The Reproductive Development group is led by Professor Andrew Sinclair, and uses human genomics, developmental biology and stem cells approaches to understand gonad failure and dysfunction, improving diagnosis and ultimately patient outcomes.
Gonadal disorders is an umbrella term that refers to a wide spectrum of genetic disorders that impact the reproductive organs. There are many types of Gonadal Disorders and their effect on the external and internal reproductive organs can vary significantly. Occurring in around 1 in 4000 births, these disorders can result in ambiguous genitalia, infertility and are associated with paediatric cancers of the testes and ovaries. The cause is often a breakdown of the complex network of genes responsible for proper development of testes or ovaries in the embryo, a process known as ‘gonadal differentiation’.
Some of the more common types of Gonadal Disorders include gonadal dysgenesis, premature ovarian failure and androgen insensitivity syndrome (AIS), however there are many less common disorders, and in some cases it is not possible to make a clear diagnosis of the underlying condition. Uncertainty about a child’s sex may be extremely traumatic for the individual, parents and other family members and carries profound psychological and reproductive consequences for the patient. Knowing the genetic cause can improve patient outcomes and wellbeing and aid in reproductive decisions, yet currently only 43% of patients with gonadal disorders can be provided with a molecular genetic diagnosis. Advances in genomic technologies however, allow us to uncover a wide spectrum of candidate gene variants that may provide explanations for these conditions.
Confirming exactly which of these gene variants are the cause of disease is difficult, as any useful analysis requires tissue samples from the patient’s gonads and this is often impossible to obtain. The Reproductive Development group at MCRI Stem Cell Medicine however, use cutting edge human stem cell and gene editing technologies to solve this problem. We can now take a few patient skin cells and make these into stem cells. These stem cells can then be differentiated into gonad cell types in order to mimic early gonad development. This gives our researchers unprecedented insights into gonad development within the embryo and provides a highly sought-after in vitro (in a dish) model for analyzing the genetic causes of gonad disorders.
Modelling gonad disorders in a dish using patient derived stem cells
Formation of the gonads and their differentiation into testes or ovaries is central to human sex development. In humans, any breakdown in this embryonic developmental process can cause disorders in gonad development, which may result in a range of symptoms including ambiguous genitalia. Within the MCRI Reproductive Development lab, we have developed a procedure that allows us to differentiate human stem cells into gonad cells types, with the overarching aim of creating a “testis or ovary in a dish”. This will allow us to model patient derived gene variants to understand their impact on gonad development.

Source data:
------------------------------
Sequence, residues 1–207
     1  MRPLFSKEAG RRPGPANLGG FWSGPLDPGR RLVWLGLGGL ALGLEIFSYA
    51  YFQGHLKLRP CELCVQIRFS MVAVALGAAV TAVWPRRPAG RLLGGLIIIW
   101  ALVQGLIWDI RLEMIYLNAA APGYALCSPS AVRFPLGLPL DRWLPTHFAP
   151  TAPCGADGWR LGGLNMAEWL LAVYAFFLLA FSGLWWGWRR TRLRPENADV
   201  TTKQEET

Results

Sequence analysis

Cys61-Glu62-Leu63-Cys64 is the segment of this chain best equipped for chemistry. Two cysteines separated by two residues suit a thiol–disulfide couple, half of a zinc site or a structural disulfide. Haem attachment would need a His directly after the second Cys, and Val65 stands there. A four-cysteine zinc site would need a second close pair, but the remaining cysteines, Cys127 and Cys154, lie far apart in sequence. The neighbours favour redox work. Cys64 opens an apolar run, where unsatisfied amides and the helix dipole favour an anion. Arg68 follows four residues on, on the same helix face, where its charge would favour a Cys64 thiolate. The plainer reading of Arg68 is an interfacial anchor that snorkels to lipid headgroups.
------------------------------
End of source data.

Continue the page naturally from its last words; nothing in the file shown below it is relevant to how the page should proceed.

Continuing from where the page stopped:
Generation of gonad cell-specific reporter cell lines
Our researchers are using fluorescent tags on specific gonad cell lines in a dish, to allow easy identification of key testis cell types, such as Sertoli and Leydig cells. These cells perform the primary testicular functions; maintenance of germ cells and generation of sex steroids. Being able to identify these cell types means they can be isolated and characterised in great detail. A similar approach will be taken to optimise the differentiation of ovarian cell lineages. These human model systems will be an extremely valuable tool, providing insight into the earliest events and molecular pathways involved in human gonad development.
Robevska G, Ayers KL*, Sinclair AH. (2017) Functional characterization of novel NR5A1 variants reveals multiple complex roles in disorders of sex development. Disorders of Sex Development Human Mutation, 39(1):124-139.
Eggers S, Sadedin S, van den Bergen J ... Oshlack A, Ayres, K, and Sinclair AH. (2016) Disorders of sex development: Insights from targeted gene sequencing of a large international patient cohort. Genome Biology 17(1):243-264.
Tucker EJ, Grover SR, Bachelot A, Touraine P, and Sinclair AH (2016) Premature Ovarian Insufficiency: New perspectives on genetic cause and phenotypic spectrum. Endocrine Reviews 37(6): 609-635.
Ayers KL ... Sinclair AH, Oshlack A, and Smith CA (2013) RNA sequencing reveals sexually dimorphic gene expression before gonadal differentiation in chicken embryos and allows comprehensive annotation of W-chromosome genes. Genome Biology. 14(3):R26.
Sutton E ... Sinclair AH, Lovell-Badge R, and Thomas P (2011) Identification of Sox3/SOX3 as a XX male sex reversal gene in mice and humans. J Clinical Investigation, 121(1):328-41.
Smith CA, Roeszler K, Ohnesorg T, Farlie P, and Sinclair AH (2009) The conserved avian Z-linked gene, DMRT1, is required for male sex determination in the chicken. Nature 461(7261):267-271.
Smith CA, McClive P, Western PS, Reed K, and Sinclair AH (1999) Evolution - Conservation of a sex-determining gene. Nature, 402(6762):601-602.
Sinclair AH ... and Goodfellow PN. (1990) A gene from the human sex-determining region encodes a protein with homology to a conserved DNA-binding motif. Nature, 346(6281):240-245.